The Soviet Lady Death: She Shot 309 Nazis, Inspired American Feminists, and Became a Pen Friend of Eleanor Roosevelt
The deadliest female sniper of World War II bitterly criticised the allies for their reluctance to attack Hitler in Western Europe and defied Western standards of female beauty and elegance. RT Documentary tells the story of Lyudmila Pavlichenko, the Soviet’s ‘Lady Death’, as Western media baptised her.
At the height of World War II, when meeting her, the Archbishop of Canterbury told her: “I’m glad to meet an unusual Russian woman who once again proved the truth that when it comes to defending their country, women are able to do things that have been purely masculine for centuries. I can only ask, Lyudmila, how do you bear this burden of the enemies you have vanquished?”
And the number of the enemies she had vanquished by that time was significant – over three hundred shot with a sniper rifle.
This answer might be considered an epigraph to her whole life.
The Girl from the USSR
A young girl in a green uniform with perfect posture and who didn’t speak English found herself in the spotlight in Washington in the late autumn of 1942. At the time, the United States debated how deep its engagement in the World War would be. Officially, the country was at war with Japan, Germany and Italy for almost a year. Under General Eisenhower’s leadership, troops landed in North Africa, and the US Air Force had been bombing occupied Europe. However, many Americans were still reluctant to risk their lives and spend money as long as their continent was out of danger.
In autumn 1942, when the bloody battle of Stalingrad was in full swing, the Soviet leadership, at the invitation of President Roosevelt, sent a student delegation to the United States to convince the American public of the burning necessity to open a second front in Europe. 25-year-old Lyudmila Pavlichenko was to play the first fiddle in this mission.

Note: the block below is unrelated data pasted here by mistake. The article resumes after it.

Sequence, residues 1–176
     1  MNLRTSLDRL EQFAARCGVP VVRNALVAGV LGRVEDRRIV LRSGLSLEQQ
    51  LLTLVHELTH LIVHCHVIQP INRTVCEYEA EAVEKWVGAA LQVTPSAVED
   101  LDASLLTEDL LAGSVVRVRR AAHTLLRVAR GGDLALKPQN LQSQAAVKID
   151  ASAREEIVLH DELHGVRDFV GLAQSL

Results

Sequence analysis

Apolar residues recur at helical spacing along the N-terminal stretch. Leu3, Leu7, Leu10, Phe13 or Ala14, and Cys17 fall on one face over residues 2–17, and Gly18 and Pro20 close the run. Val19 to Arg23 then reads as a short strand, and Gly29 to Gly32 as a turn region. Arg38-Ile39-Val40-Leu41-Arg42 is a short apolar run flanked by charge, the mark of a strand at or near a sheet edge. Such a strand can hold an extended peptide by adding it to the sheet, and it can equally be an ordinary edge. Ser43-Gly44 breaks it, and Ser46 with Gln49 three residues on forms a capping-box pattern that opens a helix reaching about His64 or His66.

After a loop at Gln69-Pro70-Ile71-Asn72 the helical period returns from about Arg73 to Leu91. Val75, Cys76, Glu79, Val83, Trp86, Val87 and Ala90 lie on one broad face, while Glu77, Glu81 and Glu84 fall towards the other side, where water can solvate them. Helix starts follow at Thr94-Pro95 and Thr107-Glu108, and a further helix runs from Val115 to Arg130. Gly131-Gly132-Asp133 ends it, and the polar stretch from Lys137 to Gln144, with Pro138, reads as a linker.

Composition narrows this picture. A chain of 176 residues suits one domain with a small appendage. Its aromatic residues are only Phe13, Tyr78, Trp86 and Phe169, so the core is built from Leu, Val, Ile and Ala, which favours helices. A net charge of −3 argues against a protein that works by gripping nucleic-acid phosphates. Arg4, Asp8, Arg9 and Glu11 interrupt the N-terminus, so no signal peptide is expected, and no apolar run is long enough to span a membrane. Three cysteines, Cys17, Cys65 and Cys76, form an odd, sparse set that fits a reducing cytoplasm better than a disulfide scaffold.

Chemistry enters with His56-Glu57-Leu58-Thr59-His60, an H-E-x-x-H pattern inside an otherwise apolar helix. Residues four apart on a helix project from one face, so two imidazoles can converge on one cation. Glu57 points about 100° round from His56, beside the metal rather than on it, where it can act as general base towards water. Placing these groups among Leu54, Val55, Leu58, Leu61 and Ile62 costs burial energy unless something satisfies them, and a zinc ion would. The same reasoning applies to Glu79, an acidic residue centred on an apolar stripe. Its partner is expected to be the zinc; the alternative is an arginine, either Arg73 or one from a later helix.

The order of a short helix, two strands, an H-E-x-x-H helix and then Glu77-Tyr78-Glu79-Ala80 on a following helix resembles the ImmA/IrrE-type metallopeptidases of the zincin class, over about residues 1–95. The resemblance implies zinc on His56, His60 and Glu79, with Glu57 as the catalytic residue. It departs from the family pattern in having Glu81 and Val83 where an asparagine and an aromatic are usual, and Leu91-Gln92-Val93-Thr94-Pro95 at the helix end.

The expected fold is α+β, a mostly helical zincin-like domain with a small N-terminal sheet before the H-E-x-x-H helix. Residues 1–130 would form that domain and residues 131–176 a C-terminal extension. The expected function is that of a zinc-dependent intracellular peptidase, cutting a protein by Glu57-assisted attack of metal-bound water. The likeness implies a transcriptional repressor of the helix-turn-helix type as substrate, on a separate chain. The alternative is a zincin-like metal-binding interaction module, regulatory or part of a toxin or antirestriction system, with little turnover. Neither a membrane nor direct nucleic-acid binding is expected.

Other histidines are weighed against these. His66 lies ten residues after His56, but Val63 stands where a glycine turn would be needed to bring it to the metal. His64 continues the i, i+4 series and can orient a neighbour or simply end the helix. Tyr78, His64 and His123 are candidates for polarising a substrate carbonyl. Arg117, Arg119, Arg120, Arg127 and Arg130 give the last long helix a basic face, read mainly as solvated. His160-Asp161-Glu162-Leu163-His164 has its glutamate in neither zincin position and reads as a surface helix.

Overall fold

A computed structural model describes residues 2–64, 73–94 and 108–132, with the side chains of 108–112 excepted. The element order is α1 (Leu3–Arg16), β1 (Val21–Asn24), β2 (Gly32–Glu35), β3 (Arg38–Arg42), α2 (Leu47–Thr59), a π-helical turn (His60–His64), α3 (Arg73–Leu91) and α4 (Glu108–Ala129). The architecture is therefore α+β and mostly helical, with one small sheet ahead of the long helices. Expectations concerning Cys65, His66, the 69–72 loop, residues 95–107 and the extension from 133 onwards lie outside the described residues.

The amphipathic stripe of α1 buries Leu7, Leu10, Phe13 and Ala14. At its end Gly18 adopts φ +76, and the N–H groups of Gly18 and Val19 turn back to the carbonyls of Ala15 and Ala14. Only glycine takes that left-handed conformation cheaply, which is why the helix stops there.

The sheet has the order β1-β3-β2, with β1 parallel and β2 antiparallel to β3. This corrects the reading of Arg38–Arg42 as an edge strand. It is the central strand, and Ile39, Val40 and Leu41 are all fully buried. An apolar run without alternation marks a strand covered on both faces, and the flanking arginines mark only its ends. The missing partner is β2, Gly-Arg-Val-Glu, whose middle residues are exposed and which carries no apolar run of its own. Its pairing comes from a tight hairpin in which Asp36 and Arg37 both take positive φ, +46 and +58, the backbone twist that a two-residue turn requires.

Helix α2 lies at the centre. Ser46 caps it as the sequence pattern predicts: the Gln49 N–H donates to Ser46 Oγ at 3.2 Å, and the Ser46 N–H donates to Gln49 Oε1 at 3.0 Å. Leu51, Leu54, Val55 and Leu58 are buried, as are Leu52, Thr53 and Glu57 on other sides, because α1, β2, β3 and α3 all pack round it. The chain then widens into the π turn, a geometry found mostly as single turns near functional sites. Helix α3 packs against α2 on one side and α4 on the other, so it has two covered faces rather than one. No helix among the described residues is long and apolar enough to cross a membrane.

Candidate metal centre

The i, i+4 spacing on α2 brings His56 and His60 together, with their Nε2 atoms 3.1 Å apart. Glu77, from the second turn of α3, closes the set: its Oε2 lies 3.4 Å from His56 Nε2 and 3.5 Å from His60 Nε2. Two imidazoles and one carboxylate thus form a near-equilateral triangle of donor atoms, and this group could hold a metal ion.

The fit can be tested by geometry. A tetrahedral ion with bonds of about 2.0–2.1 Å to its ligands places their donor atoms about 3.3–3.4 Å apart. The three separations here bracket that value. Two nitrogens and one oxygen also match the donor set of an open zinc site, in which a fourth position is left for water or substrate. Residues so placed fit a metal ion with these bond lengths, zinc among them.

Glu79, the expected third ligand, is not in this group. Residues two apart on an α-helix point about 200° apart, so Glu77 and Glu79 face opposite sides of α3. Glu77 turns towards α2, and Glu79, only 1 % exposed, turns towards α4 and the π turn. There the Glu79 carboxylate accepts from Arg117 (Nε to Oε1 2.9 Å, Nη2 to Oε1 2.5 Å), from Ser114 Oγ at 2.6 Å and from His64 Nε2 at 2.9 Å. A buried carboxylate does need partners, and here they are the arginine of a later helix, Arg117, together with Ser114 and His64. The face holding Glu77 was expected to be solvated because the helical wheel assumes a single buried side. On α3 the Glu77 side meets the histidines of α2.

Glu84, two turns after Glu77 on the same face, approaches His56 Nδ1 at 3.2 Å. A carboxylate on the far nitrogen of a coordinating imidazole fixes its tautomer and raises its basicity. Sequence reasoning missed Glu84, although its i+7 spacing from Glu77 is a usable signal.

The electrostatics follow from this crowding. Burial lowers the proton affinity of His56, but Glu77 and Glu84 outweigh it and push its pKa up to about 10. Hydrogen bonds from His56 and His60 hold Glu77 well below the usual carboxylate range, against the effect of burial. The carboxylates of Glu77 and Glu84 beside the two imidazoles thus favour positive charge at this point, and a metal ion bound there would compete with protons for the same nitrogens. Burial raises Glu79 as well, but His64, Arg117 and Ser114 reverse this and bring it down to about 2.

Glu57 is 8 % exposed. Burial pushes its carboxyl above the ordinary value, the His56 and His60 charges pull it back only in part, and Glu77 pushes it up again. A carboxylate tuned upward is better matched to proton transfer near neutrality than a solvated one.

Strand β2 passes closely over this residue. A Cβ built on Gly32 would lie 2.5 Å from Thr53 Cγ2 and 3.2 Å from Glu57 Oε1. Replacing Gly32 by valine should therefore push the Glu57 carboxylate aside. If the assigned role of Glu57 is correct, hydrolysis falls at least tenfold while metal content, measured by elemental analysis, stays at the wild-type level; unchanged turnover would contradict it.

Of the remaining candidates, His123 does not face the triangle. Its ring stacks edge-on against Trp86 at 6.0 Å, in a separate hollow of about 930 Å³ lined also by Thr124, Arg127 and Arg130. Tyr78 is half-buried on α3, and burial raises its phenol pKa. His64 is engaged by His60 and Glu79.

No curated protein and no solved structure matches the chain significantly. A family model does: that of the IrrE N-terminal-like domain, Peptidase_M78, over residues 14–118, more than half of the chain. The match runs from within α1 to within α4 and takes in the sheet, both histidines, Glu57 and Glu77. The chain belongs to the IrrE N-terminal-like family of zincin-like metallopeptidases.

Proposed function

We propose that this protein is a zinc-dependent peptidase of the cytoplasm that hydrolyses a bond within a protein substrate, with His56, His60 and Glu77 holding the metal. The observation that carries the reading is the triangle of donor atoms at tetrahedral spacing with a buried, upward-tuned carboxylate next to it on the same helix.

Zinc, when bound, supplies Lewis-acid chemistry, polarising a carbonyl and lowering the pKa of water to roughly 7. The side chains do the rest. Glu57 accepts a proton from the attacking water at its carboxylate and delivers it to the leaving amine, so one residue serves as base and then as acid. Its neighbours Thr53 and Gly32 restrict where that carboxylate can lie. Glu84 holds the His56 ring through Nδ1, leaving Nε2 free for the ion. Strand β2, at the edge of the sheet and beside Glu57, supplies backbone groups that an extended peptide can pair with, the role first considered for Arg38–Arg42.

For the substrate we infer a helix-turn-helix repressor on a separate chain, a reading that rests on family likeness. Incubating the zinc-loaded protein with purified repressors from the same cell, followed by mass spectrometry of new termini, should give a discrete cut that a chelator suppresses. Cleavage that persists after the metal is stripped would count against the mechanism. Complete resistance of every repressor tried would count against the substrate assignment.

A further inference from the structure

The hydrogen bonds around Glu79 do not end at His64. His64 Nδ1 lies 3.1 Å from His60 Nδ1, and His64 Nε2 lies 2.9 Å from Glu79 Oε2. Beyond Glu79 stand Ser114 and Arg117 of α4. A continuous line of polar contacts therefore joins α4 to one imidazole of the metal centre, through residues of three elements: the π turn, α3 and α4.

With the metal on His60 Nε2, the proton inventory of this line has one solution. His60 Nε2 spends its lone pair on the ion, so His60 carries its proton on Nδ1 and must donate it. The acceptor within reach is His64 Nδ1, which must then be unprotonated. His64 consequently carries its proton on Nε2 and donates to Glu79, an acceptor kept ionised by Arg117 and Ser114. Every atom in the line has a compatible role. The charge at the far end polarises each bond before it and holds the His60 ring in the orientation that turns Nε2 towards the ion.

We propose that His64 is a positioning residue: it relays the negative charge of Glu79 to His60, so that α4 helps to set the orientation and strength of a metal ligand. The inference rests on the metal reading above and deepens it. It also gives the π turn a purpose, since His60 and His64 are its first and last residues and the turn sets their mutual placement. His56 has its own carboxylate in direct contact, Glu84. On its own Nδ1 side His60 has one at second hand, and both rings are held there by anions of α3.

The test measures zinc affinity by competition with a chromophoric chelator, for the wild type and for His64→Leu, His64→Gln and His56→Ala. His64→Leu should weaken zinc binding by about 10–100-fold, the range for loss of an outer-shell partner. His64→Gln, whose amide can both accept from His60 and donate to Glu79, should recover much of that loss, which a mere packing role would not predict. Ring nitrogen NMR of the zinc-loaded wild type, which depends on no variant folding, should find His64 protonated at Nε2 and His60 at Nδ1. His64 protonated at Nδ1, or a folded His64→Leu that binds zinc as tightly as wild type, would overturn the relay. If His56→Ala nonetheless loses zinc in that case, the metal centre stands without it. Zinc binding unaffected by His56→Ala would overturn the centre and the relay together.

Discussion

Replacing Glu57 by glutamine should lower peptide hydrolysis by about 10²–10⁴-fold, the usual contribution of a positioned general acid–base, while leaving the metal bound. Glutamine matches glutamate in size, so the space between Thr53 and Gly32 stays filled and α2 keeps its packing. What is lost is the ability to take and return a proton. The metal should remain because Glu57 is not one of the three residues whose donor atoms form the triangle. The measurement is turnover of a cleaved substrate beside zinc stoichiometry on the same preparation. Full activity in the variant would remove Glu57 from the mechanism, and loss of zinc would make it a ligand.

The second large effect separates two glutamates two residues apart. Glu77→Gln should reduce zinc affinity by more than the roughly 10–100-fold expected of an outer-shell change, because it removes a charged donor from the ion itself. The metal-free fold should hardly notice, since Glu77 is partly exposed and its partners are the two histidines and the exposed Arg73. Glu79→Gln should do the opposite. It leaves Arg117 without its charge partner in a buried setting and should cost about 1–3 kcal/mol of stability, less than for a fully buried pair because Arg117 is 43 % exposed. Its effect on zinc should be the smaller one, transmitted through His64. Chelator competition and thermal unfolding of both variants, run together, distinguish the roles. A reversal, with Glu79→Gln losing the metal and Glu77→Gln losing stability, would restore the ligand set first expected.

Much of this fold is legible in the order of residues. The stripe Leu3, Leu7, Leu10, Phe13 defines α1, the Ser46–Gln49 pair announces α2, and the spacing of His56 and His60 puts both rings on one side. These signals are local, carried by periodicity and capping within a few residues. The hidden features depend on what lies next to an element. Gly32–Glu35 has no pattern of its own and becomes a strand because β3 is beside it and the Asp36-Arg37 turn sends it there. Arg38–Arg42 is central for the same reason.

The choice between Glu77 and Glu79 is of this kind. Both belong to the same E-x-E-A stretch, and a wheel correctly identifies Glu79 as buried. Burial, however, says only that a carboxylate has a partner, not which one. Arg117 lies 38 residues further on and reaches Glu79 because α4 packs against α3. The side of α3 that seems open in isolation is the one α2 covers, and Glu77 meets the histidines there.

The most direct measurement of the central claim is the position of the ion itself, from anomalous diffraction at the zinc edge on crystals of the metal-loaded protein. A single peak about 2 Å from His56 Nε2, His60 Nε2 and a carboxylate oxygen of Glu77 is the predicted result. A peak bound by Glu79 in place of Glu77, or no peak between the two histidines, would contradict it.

Journalists attacked the young sniper with both appropriate and inappropriate questions. “Do women wear lipstick at the front, and what kind of lipstick do they prefer? What kind of cigarettes do they smoke? Will Ms Pavlichenko allow her portraits to be printed on cigarette boxes? A firm is ready to pay a million dollars for this! What kind of underwear does Lady Pavlichenko prefer, and what colour does she like?”
Fashion columnists criticised her for lack of chic. “Doesn’t military philosophy imply that an effective warrior is proud of his appearance?” wrote Malvina Lindsey for the Washington Post.
Fortunately, Lyudmila turned out to be a talented sniper and a natural diplomat with a ready tongue.
The road to military glory
Lyudmila Belova, the future ‘Lady Death’, was born on July 12, 1916, to a locksmith and school teacher in Bila Tserkva, not far from Kiev.
When Lyudmila was 14 years old, her family moved to Kiev, where she joined a shooting club and, sometime later, was admitted to a sniper school.
In 1932, she met Alexey Pavlichenko. They soon married and had a son, Rostislav. However, the relationship ended as quickly as it began. After the breakup, Lyudmila returned to her parents and raised the child alone. In 1937, she entered Kiev State University, majoring in history.
In June 1941, Lyudmila Pavlichenko was doing an internship at a library in Odessa. On the fatal date of June 22, she was going to eat out and listen to Giuseppe Verdi’s La Traviata at the opera house. But the German invasion upended her plans and dreams and changed her life forever.
Almost immediately after the attack on the USSR, Lyudmila enlisted in the army as a volunteer.
At first, the military enlistment office insisted they could enrol her only as a nurse, but the documents on graduation from the Kiev school of snipers made them change their minds. So on June 28, Lyudmila joined the 25th Chapaev Rifle Division of the 54th Regiment, which opposed German and Romanian troops in Moldova and Transnistria.
Almost immediately after the girl arrived at the front, she came under enemy fire. In July, Lyudmila had the first concussion, in early August — the second. Due to a temporary hearing loss, she spent three weeks in hospital. In early October, Lyudmila received her first wound during a battle near Odessa — a shell fragment grazed her head. She later recalled it was in Odessa she experienced her worst shocks from the war — when she saw the corpses of children torn apart by bombs…At the same time, she demonstrated her outstanding skill as a sniper.